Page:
In 2010, Wayforward released a sequel to the cult classic Shantae on the DSi titled Shantae: Risky’s Revenge. This reboot of the series landed on the new DSiWare service, and was one of the only good games to be offered. Now, after 4 years and many requests from fans, Wayforward has finally brought Shantae: Risky’s Revenge to Steam for everyone to play. It took a while to happen, but was it worth the wait?
In short, no, it wasn’t. However, the details of that will be discussed later on… For now let’s cover gameplay. The game is a Metroidvania, but it is a little more linear than others. This is because the game is more platforming focused, which makes the game feel a little more Castlevania than Metroid. However, this is not a bad thing and makes the game stand out from other, more traditional Metroidvanias. There is a great deal of customization, as you collect gems when you defeat enemies. You can use these gems to buy upgrades at the shop in the game’s hub town, and you can buy upgrades in any order you choose. There are many spells to buy, each with three tiers of upgrades. You can also buy attack upgrades and health and mana boosts.
All in all, no two runs of the game will be the same, and with the natural speed running nature of Metroidvanias, this is a very welcome aspect of the game. The game has very high replayability, and even includes a New Game+ mode exclusive to the Steam version. Once you get to know the game, it is very fun to replay it and try to beat your time or try out different upgrade routes.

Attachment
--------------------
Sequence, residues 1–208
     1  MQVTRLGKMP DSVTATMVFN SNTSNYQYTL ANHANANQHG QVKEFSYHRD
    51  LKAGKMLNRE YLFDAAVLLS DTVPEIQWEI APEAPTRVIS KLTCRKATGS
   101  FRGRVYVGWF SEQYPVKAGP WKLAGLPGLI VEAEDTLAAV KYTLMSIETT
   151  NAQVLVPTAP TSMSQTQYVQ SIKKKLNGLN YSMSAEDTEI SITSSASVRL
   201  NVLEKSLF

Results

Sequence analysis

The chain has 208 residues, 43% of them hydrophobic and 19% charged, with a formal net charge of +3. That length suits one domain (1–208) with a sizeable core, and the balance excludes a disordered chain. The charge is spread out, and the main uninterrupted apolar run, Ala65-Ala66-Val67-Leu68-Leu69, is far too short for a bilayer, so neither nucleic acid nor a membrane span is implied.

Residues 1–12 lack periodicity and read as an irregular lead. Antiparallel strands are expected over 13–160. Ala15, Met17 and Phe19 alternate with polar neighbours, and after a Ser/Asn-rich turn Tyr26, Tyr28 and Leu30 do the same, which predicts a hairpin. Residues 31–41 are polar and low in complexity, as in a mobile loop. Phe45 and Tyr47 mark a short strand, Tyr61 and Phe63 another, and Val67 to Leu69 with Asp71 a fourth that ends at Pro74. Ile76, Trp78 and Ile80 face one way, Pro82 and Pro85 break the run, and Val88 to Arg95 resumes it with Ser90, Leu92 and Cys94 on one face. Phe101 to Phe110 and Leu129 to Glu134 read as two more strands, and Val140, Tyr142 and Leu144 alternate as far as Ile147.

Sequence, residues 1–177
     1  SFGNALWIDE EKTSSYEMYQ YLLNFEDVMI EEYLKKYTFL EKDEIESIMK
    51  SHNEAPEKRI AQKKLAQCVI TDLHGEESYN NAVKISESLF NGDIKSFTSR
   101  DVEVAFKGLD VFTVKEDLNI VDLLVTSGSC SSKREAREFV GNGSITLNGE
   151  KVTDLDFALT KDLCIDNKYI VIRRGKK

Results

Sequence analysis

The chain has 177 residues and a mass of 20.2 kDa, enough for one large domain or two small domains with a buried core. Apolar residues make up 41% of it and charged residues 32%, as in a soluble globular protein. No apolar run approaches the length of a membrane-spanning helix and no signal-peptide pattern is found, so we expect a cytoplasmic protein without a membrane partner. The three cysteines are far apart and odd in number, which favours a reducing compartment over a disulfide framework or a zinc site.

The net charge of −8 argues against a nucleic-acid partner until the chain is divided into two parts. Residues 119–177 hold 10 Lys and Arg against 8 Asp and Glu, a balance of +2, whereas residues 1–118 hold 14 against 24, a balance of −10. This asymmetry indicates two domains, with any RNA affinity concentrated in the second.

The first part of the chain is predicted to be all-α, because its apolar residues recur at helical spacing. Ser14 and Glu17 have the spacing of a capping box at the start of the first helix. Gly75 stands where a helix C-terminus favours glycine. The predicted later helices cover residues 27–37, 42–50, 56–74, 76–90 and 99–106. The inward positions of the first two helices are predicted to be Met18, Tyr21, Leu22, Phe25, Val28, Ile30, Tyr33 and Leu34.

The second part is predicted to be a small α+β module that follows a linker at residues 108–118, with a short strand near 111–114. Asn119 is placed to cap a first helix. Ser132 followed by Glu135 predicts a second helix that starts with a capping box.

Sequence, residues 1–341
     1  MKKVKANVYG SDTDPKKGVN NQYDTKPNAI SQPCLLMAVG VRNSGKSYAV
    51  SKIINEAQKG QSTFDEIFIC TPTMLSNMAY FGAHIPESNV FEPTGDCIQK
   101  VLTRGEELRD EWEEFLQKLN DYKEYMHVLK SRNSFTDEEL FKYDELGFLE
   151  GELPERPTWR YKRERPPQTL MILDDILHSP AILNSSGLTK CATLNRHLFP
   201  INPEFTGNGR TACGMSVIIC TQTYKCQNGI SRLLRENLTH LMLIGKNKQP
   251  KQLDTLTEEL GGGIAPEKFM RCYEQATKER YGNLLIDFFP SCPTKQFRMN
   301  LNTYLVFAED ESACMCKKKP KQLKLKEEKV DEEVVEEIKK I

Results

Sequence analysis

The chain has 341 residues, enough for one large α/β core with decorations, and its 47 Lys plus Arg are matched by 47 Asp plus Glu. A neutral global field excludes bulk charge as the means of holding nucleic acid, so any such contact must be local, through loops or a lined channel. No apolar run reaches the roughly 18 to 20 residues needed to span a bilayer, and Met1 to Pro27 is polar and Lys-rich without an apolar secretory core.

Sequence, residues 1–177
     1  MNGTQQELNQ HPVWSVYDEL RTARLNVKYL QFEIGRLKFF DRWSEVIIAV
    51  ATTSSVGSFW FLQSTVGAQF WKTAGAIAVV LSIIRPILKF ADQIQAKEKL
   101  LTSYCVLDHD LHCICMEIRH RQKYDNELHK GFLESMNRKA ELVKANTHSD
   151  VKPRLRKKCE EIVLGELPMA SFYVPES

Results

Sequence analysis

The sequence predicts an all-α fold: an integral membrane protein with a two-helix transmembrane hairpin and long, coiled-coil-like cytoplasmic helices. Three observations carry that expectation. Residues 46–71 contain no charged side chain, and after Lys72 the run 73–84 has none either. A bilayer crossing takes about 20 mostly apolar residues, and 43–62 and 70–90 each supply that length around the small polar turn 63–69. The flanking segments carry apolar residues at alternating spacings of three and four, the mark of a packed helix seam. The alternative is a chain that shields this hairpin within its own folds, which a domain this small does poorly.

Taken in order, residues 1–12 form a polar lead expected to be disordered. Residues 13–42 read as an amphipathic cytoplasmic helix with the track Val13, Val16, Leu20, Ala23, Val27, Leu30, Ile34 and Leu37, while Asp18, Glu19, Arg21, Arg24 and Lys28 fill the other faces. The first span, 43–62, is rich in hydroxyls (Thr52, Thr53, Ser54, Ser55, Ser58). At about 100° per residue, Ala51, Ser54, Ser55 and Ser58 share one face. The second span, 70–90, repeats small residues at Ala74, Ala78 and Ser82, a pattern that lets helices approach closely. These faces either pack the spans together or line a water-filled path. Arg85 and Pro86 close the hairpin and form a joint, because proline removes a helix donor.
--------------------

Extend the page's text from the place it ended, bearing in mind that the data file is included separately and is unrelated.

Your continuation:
The graphics are where the game falls short, and shows that this port had very little effort put into it. Wayforward is known for their beautiful sprites in games such as Thor and and the Mighty series, and Shantae: Risky’s Revenge is no exception. However, the graphics were not changed at all when the game was ported to Steam, and as a result of the DSi’s tiny resolution, the game looks terrible. The normally crisp sprites are blurry, and there is a very small field of vision that can end up making you dizzy if you are playing in fullscreen. Although there is an option to play in the original resolution, it is so small that it is very uncomfortable to play. Despite this, the game does deserve some credit for having native support for XBox 360 controllers. You can customize the controls to you heart’s content, and is an amazing addition to an otherwise lazy port.
The music is great, but nothing exceptional. Wayforward makes some good music, but I have never found it to be as good as their graphics. Although it is very fitting for the game, if you go in expecting a soundtrack on par with Super Mario Galaxy’s you will likely be disappointed. Since this is a Metroidvania, there is, of couse, a lot of backtracking, and the music for some of the more common areas can get quite repetitive later on.
In conclusion, Shantae: Risky’s Revenge is a fantastic game that got a port with a low level of quality it didn’t deserve. Hopefully if Wayforward makes enough from Half-Genie Hero, they will consider updating Risky’s Revenge. Until then, if you have a 3DS or DSi, it is hard to recommend this. If you do not own one of those systems, then you should definitely consider buying this, but I suggest waiting until a sale.